Take the 2-minute tour ×
Stack Overflow is a question and answer site for professional and enthusiast programmers. It's 100% free, no registration required.

I have 9000 documents in my ElasticSearch index.

I want to sort by an analyzed string field, so, in order to do that i knew ( through Google ) that i must update the mapping to make the field not-analyzed so i can sort by this field and i must re-index the data again to reflect the change in mapping.

The re-indexing process consumed about 20 minutes on my machine.

The strange thing is that the re-indexing process consumed about 2 hours on a very powerful production server.

I checked the memory status and the processor usage on that server and everything was normal.

What i want to know is:

  1. Is there a way to sort documents by an analyzed, tokenized field without re-indexing the whole documents?

  2. If i must re-index the whole documents, then why does it take such huge time to re-index the documents on the server ?? or how to trace the slowness reason on that server?

share|improve this question
2  
As to 1. Any change to the mapping requires a reindex. However, it' perfectly valid (and done lots and lots of times) to have an analyzed field (for displaying / searching purposes or whatever) and a non-analyzed field (containing the same data) for sorting living side by side. Perhaps this answers your implicit usecase that I seem to infer from your question. –  Geert-Jan Mar 9 '12 at 15:21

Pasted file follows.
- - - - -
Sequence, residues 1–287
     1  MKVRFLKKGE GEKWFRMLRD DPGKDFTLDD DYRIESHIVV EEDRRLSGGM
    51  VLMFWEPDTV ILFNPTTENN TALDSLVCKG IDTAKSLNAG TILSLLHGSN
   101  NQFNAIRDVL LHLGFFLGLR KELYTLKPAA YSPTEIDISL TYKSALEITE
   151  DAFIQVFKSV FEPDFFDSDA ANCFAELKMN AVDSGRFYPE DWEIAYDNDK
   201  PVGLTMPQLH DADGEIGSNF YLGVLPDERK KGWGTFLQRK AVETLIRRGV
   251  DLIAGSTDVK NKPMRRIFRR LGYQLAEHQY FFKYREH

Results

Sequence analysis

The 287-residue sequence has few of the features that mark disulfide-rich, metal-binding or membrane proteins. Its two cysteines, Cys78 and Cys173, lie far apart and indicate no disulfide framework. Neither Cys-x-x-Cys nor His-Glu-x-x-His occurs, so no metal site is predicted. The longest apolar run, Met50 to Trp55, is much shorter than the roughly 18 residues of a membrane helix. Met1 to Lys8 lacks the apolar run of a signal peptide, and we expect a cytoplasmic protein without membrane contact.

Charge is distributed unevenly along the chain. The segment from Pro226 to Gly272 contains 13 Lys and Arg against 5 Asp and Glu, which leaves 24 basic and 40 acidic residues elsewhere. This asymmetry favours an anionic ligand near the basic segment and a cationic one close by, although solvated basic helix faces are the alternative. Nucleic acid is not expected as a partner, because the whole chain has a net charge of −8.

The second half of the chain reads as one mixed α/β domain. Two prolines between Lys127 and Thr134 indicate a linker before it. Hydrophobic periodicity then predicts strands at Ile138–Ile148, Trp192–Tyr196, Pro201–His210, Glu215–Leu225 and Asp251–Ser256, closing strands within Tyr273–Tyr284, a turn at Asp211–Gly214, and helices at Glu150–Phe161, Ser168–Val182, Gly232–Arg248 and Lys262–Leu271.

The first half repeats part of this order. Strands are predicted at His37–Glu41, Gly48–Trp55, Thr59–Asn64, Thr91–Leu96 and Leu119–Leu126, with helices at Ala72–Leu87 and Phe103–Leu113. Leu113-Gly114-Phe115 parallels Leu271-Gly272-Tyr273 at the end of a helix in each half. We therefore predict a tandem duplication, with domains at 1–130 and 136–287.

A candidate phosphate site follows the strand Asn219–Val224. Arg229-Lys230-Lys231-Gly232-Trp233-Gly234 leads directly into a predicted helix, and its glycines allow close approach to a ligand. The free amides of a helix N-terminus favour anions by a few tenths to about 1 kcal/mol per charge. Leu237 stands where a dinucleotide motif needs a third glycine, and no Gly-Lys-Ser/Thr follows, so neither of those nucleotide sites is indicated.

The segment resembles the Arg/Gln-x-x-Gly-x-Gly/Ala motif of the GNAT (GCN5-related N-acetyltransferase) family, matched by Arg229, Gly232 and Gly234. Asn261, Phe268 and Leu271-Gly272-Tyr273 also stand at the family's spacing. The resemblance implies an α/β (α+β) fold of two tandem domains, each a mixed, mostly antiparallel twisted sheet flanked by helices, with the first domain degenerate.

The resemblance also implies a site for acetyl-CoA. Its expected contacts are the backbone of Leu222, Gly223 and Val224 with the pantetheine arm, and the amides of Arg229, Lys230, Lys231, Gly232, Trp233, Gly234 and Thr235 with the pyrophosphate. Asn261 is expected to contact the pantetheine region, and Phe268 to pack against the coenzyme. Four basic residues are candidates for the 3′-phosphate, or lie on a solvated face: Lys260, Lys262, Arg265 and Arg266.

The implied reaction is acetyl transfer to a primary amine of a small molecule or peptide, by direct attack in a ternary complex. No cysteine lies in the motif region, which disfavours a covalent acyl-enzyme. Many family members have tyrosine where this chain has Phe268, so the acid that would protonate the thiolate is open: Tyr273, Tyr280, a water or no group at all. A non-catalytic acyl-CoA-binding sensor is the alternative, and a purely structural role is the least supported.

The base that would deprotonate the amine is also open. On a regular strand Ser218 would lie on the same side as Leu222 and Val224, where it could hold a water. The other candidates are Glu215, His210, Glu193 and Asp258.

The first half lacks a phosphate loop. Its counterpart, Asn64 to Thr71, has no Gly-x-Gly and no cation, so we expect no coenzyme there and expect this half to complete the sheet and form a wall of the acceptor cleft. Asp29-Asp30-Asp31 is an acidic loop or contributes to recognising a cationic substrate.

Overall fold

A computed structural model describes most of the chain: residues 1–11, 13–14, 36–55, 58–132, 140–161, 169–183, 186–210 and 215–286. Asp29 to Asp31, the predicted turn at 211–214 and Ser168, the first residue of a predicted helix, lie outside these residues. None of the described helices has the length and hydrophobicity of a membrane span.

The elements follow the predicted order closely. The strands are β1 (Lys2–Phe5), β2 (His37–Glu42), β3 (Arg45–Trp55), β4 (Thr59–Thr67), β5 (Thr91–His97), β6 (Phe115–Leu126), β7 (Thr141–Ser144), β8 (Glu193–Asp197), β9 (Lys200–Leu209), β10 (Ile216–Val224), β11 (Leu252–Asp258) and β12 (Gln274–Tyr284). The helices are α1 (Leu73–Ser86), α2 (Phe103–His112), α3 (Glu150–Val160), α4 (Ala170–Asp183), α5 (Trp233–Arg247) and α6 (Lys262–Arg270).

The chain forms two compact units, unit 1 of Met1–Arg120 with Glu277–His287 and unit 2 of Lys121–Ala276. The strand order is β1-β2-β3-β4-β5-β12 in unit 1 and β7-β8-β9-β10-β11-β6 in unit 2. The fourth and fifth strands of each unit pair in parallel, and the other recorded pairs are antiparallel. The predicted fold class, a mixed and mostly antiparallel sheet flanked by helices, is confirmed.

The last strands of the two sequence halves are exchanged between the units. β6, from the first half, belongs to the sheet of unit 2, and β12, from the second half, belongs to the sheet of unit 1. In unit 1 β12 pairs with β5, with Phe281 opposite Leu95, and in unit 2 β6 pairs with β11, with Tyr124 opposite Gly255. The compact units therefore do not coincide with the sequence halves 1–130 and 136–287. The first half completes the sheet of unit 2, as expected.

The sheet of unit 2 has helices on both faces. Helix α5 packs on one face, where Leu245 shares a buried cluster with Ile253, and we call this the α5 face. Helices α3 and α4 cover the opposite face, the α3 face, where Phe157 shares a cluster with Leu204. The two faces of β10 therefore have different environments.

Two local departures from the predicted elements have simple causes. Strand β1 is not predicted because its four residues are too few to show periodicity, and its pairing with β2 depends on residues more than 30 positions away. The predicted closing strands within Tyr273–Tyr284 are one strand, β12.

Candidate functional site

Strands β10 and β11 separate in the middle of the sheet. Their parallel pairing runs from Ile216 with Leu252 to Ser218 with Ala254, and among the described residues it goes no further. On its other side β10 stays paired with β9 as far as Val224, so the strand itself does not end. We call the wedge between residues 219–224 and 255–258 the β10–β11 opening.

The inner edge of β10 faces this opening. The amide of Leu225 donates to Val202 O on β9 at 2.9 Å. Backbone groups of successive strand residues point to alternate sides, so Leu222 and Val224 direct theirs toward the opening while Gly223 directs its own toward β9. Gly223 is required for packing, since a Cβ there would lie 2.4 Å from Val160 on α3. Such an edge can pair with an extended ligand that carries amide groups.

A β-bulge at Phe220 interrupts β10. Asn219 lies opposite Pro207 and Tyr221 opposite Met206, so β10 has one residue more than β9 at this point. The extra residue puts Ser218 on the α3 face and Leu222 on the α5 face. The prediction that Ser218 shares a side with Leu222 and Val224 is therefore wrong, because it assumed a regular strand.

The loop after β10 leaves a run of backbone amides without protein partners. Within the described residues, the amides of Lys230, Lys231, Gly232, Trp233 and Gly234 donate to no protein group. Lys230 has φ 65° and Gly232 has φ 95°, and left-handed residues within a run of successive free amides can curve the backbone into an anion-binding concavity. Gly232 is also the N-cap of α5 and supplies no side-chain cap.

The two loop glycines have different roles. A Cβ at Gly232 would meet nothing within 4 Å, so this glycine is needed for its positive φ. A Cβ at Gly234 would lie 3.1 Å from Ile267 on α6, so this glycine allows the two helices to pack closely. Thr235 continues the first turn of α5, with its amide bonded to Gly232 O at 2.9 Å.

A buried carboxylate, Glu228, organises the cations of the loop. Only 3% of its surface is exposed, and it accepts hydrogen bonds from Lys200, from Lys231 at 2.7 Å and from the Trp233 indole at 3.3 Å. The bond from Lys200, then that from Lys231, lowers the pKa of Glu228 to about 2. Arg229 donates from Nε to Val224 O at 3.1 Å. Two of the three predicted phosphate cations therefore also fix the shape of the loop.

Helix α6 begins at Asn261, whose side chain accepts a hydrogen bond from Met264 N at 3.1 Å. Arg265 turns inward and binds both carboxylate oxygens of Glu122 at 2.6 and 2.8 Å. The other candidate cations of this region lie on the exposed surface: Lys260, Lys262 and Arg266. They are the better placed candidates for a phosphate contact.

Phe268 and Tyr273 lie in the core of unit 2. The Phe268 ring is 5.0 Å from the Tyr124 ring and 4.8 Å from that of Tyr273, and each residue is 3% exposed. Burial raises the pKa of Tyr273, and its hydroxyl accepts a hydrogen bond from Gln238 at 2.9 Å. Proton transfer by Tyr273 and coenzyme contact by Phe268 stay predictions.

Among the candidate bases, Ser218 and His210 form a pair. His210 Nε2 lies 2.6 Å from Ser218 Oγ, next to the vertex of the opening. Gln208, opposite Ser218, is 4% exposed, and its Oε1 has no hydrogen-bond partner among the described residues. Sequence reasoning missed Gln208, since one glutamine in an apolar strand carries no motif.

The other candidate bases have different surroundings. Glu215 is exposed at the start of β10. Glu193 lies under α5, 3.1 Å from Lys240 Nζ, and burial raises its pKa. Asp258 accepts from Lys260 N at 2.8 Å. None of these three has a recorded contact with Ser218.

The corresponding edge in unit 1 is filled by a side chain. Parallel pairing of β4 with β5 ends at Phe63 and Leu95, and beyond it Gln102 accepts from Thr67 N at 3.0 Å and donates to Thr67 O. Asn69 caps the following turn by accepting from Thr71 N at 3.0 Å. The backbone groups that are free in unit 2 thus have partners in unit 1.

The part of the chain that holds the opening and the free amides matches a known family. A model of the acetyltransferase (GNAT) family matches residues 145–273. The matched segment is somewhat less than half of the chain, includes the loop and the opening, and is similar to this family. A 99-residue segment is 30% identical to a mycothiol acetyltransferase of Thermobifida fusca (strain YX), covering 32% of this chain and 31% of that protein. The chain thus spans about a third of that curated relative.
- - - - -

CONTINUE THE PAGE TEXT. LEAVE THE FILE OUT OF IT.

2  
Having the same data map to multiple fields (as I suggest above) can be done easily with elasticsearch.org/guide/reference/mapping/multi-field-type.html, which doesn't require a change to your client-code –  Geert-Jan Mar 9 '12 at 15:24

1 Answer 1

As long as the field is stored in _source, I'm pretty sure you could use a script to create a custom fields everytime you search.

{
  "query" : { "query_string" : {"query" : "*:*"} },
  "sort" : {
    "_script" : { 
        "script" : "<some sorting field>",
        "type" : "number",
        "params" : {},
        "order" : "asc"
    }
  }
}

This has the downside of re-evaluating the sorting script on the server side each time you search, but I thing it solves (1).

share|improve this answer

Your Answer

 
discard

By posting your answer, you agree to the privacy policy and terms of service.

Not the answer you're looking for? Browse other questions tagged or ask your own question.